Now in his third year of cotillion, this boy looks forward to the classes. Not only Mason won this Round.
On February 28, Tidewater Cotillion students show their stuff.
When the younger class teaches their parents to dance, ambitious pint-sized sons try to pull off the underarm turn with their 5'8" mothers. They find the side chassé works much better. Daughters giggle as they dance with their dads.
The older students put their knowledge to the test with a dinner party at the Old South Country Club in Lothian. The children pair up, the boys escorting and seating the girls on their right. Under dimmed lights and in a formal setting, they deal with an assortment of cutlery. The veterans again stand out. When the salad arrives, they know to start with the outside fork. New students watch and emulate.
Pleasant conversation fills the club. These kids are at ease. Only one surprise arrives. Many new students dont know what to make of the sorbet delivered between the salad and main course. Its to cleanse your palate, silly, explains a girl. Everyone eats it. Its sweet and its not escargot.
The kids make Mason proud. When a girl excuses herself, all the boys stand for her departure and her return. Chaperones applaud.
After dinner, when these students dance with parents, height mismatches are fewer. Boys whirl and twirl their mothers across the floor, and dads get left in the dust.
Nicholas Bowen, a sixth grader in his fifth year of cotillion, admits he likes cotillion. Lots of my friends from school have to come. I like the dancing, especially the jitterbug. I also like meeting new people.
Another boy, a seventh grader and a cotillion veteran, wants to remain anonymous. I dont want my friends at school to think Im a sissy for liking cotillion. They think its stupid, but I like it, he confesses.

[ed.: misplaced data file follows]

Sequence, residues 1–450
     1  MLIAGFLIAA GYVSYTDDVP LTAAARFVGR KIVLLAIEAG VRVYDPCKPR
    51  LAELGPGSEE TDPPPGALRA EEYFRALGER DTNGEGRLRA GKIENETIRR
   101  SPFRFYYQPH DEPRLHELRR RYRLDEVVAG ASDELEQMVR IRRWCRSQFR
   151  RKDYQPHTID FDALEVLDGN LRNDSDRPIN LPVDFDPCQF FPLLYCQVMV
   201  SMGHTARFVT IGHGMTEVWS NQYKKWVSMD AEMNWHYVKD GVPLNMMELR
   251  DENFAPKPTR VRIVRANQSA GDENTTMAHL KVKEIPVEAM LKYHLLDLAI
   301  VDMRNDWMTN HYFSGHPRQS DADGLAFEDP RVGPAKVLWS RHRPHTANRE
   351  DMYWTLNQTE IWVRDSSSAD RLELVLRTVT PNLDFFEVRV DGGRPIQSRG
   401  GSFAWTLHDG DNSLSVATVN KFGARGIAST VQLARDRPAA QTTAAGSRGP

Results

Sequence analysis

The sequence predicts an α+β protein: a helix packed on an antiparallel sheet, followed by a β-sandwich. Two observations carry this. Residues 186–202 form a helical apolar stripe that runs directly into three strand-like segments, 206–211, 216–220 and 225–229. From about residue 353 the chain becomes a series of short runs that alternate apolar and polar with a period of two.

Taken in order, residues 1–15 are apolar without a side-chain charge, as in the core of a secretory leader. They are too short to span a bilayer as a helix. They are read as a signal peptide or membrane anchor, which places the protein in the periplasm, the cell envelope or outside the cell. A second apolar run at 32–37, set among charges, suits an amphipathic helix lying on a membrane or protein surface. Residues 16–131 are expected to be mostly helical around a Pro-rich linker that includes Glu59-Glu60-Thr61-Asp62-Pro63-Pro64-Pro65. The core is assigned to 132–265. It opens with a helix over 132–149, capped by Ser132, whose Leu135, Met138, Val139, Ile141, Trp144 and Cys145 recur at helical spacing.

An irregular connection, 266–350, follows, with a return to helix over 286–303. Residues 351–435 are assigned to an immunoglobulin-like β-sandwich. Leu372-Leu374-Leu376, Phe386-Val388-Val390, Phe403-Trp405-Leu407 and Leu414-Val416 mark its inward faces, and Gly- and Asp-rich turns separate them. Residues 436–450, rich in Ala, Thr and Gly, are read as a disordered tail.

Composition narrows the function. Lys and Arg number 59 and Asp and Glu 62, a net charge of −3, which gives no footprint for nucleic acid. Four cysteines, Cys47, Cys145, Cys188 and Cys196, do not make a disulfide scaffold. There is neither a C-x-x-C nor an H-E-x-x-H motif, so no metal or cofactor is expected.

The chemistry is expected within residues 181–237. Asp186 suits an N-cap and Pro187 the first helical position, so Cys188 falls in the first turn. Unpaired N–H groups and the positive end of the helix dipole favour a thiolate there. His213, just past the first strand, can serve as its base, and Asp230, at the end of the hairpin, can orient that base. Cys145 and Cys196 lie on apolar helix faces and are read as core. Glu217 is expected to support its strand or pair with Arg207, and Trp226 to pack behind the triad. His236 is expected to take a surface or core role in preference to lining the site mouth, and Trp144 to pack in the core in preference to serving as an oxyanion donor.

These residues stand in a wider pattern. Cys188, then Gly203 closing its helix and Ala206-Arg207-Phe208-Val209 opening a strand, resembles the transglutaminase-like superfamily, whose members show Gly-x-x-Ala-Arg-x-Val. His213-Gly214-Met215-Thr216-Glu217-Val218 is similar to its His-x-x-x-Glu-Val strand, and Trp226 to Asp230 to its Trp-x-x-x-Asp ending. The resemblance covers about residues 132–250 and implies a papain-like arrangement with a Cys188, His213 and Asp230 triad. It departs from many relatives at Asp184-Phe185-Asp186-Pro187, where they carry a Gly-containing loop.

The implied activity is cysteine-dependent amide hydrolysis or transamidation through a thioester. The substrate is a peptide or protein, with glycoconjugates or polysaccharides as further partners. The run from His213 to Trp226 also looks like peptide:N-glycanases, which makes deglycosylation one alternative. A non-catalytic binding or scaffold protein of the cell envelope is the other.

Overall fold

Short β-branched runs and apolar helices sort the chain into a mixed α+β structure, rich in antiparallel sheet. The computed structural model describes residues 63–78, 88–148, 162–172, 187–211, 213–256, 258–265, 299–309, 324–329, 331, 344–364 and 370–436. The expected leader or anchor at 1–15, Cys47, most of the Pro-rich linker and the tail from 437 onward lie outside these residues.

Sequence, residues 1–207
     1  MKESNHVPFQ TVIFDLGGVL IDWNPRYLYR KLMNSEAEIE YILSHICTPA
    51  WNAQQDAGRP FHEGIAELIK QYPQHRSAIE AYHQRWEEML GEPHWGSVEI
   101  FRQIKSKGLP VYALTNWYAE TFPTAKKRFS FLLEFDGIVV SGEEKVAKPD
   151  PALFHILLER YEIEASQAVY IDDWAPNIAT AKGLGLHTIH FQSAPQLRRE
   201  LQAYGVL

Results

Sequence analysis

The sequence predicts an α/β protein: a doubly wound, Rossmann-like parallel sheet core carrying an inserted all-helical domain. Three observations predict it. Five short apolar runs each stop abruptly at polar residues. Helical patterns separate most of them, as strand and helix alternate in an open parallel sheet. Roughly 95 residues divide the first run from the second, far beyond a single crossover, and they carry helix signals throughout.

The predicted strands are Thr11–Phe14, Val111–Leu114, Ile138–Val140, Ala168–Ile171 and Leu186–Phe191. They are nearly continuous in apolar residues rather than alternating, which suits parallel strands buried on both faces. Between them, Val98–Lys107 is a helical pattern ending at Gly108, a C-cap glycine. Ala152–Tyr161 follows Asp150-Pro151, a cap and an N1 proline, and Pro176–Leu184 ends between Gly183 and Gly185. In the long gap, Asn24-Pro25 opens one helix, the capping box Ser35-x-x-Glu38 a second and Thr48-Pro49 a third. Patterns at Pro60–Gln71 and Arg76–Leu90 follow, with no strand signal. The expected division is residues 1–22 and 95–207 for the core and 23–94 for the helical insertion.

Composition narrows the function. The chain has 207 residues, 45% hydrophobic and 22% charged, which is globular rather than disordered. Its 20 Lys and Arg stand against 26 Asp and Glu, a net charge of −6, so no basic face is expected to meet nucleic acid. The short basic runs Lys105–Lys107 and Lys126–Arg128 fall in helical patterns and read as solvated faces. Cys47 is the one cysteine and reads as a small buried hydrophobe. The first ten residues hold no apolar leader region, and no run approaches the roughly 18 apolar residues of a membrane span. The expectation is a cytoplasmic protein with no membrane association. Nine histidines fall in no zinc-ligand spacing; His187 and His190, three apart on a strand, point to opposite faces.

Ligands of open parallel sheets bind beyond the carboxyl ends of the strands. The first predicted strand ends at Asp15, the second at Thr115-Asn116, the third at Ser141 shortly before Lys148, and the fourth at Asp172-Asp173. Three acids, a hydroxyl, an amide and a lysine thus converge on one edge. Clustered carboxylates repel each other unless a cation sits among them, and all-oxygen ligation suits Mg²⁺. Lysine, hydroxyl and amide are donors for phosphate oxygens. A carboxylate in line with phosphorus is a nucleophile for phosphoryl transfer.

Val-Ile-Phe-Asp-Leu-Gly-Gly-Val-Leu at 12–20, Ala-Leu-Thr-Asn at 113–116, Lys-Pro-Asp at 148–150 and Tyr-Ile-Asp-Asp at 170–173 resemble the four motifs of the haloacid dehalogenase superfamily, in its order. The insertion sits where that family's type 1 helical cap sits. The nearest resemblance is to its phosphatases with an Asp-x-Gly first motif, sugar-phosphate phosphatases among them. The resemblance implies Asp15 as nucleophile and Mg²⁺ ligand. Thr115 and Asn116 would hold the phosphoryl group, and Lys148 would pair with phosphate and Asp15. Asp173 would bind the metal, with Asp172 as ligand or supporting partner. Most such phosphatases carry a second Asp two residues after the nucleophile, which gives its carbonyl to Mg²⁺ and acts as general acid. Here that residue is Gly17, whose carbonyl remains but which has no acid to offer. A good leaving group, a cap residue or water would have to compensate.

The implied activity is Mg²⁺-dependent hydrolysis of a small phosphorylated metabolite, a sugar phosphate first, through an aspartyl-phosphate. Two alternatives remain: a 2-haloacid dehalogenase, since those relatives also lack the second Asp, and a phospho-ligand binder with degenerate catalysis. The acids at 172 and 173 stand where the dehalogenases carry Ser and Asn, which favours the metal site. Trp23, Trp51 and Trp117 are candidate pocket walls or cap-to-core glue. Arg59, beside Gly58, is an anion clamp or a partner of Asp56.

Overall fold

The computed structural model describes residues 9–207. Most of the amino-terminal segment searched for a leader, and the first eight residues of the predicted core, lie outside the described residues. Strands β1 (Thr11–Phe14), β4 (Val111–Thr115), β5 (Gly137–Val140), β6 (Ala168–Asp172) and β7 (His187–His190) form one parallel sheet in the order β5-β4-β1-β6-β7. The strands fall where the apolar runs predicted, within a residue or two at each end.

New students Luke and Krista have divergent opinions. Krista, like most girls, is a convert. I definitely want to come back next year. I want to be more comfortable when I get older dancing with boys, she says.
Luke struggles. It takes more than one season for the average boy to feel comfortable, even longer to admit that he might enjoy cotillion.
Well, I might come back next year, he hedges. Dancing with girls wasnt too bad, but it wasnt great, reserving enthusiasm for the drinks and cookies.
Lukes fate, of course, rests with his mother. Almaraz says she has already seen improvements in how he responds to adults. She wants for her children the self-confidence she has seen in cotillion veterans, but shell have to decide if the fight is worth it.
Fowler, however, has no reservations. She plans to pay cotillion tuition for both Krista and next year for younger brother Zachary.
Manners Around the Bay
Cotillion is slowly coming to Bay Country. Maryland Hall for the Creative Arts offers Cotillion with A Twist every other Friday night for five sessions January through March for children in fifth through eighth grade. This year, third and fourth graders attended Mini Cotillion on two Saturday evenings in January.
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Last updated March 12, 2004 @ 1:37am.